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Survivors floated for hours in life boats in the Gulf of Mexico following the disaster on the Deepwater Horizon, and were greeted by company officials onshore asking them to sign statements that they had no "first hand or personal knowledge" of the incident, attorneys said. "These men are told they have to sign these statements or they can't go home," said Tony Buzbee, a Houston-based attorney for 10 Transocean workers. "I think it's pretty callous, but I'm not surprised by it."
Guy Cantwell, a spokesman for rig owner Transocean Ltd., refused to answer whether Transocean or any company attached to the firm had supplied the statement, claiming it was inappropriate to comment on litigation.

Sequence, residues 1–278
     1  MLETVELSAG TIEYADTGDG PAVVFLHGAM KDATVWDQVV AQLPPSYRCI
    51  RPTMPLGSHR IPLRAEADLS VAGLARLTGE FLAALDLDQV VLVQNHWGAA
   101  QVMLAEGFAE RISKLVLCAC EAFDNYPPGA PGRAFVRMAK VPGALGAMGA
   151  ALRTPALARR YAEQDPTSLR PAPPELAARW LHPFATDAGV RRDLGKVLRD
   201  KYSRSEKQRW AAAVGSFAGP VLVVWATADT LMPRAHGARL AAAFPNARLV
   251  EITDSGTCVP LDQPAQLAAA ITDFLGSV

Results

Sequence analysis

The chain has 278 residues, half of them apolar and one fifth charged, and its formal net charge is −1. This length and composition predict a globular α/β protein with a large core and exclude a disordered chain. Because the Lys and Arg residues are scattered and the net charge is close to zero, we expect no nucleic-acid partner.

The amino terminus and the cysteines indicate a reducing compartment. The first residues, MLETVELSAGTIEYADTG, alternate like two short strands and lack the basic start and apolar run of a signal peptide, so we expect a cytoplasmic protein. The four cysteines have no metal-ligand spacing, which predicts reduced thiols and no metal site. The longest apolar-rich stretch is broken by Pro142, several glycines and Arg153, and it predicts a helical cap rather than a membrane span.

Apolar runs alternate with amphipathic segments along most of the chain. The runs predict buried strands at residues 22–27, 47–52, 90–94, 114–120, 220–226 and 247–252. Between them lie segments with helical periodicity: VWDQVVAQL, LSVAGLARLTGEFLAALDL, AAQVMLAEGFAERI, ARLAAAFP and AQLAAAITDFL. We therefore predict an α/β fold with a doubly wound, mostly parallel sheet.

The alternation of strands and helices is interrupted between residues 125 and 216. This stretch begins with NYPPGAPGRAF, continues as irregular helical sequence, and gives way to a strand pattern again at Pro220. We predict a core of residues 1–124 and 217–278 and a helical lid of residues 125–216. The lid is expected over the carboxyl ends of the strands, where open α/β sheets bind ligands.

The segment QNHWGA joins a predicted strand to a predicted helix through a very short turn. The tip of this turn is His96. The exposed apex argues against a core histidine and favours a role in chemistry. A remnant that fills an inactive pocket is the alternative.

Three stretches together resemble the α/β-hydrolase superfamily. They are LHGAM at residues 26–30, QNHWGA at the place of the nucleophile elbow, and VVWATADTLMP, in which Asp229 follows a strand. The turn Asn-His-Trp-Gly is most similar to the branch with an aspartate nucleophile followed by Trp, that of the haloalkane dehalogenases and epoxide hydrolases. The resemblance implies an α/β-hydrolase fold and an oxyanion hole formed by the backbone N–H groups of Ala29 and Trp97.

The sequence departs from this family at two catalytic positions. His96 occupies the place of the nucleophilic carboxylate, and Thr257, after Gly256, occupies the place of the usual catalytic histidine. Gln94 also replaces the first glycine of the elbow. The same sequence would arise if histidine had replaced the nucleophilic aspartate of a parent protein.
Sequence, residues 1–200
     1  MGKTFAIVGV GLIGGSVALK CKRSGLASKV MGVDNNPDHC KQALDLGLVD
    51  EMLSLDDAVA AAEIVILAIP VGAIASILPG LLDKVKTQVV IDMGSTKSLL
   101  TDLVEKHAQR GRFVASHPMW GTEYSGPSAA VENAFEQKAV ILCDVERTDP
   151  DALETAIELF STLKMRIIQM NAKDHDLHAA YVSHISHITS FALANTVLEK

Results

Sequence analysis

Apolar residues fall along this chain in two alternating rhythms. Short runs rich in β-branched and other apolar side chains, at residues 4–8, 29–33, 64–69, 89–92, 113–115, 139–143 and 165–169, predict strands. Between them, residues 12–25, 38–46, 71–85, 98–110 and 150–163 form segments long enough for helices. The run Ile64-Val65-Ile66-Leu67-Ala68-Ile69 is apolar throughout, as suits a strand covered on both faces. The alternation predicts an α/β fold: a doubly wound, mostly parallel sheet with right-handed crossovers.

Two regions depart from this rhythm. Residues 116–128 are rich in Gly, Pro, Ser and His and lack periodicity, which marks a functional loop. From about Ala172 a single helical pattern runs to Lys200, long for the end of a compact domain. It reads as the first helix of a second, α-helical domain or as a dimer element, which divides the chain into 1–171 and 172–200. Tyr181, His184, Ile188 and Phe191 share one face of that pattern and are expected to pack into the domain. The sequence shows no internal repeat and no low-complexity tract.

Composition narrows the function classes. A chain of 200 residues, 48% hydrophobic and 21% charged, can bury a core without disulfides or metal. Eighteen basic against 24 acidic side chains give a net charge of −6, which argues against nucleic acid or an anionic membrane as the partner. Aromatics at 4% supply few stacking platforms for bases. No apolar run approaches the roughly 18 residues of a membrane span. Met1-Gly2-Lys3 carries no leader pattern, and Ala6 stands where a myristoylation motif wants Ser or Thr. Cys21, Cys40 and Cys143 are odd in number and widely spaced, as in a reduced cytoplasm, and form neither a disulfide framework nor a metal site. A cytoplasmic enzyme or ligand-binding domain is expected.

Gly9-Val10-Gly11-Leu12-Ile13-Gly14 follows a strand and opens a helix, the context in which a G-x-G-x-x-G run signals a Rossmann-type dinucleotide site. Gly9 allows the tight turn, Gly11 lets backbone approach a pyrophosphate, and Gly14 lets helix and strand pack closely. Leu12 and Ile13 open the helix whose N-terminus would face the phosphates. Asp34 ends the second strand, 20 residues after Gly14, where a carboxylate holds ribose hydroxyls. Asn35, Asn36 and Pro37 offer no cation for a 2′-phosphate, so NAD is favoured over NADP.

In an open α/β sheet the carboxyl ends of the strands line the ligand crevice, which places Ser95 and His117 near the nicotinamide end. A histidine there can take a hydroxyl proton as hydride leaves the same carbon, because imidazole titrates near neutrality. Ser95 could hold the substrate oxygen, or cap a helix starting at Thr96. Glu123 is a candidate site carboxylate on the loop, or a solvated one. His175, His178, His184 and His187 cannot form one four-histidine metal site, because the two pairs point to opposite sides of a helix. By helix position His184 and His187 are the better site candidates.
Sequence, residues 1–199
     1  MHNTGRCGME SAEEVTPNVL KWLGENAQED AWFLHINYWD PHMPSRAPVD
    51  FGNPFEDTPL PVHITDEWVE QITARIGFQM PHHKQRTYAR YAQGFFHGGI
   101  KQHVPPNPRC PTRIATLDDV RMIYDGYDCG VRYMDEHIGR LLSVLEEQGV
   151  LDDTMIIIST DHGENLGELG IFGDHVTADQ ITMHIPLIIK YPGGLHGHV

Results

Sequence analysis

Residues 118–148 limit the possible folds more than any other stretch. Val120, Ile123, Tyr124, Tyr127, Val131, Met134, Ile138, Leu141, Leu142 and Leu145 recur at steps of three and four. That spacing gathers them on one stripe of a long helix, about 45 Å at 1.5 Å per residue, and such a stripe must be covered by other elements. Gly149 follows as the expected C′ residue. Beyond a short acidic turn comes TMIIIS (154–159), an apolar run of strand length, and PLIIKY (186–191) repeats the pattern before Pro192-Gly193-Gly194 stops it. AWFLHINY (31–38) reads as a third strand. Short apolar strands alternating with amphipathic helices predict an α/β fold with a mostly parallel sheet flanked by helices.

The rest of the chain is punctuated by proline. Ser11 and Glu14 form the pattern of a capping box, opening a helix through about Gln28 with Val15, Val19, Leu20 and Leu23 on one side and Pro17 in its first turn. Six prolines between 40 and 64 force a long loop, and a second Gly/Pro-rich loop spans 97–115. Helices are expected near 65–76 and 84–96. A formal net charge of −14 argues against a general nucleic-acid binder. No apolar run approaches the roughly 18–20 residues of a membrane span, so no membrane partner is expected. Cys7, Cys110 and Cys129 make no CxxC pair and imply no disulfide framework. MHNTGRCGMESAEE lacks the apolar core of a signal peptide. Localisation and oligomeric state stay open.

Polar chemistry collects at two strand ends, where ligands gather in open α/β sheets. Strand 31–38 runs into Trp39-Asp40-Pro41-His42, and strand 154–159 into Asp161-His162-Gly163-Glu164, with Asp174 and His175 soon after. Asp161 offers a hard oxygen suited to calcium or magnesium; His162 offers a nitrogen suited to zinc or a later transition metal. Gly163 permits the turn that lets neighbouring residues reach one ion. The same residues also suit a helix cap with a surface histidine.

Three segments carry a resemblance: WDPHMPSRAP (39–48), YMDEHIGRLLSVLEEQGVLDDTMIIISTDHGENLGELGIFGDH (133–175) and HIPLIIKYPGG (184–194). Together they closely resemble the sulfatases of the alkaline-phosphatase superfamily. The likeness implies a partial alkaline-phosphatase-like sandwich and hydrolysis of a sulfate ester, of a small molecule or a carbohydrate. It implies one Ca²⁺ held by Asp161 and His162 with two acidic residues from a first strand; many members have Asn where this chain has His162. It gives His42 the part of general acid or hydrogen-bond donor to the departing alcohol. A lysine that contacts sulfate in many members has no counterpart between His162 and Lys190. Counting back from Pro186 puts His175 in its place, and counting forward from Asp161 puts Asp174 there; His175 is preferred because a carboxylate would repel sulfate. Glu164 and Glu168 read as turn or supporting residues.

The men were kept for at least 10 hours at sea, then taken to a hotel on shore in Louisiana to sign the forms and be debriefed, according to Buzbee and court documents filed in lawsuits already brought by some Transocean employees. While such statements have no legal force and are a common industry practice, they are often used to attack the credibility of workers who later sue or testify in a lawsuit, Buzbee said. "When I signed that I didn't care what it was. I wanted to sign the papers to do whatever I had to do so me and my wife could leave to go home," Chris Choy, a 23-year-old surviving worker said in an interview that aired Monday night with PBS'"The NewsHour with Jim Lehrer.""I'd been up for 40 hours and was just going through hell."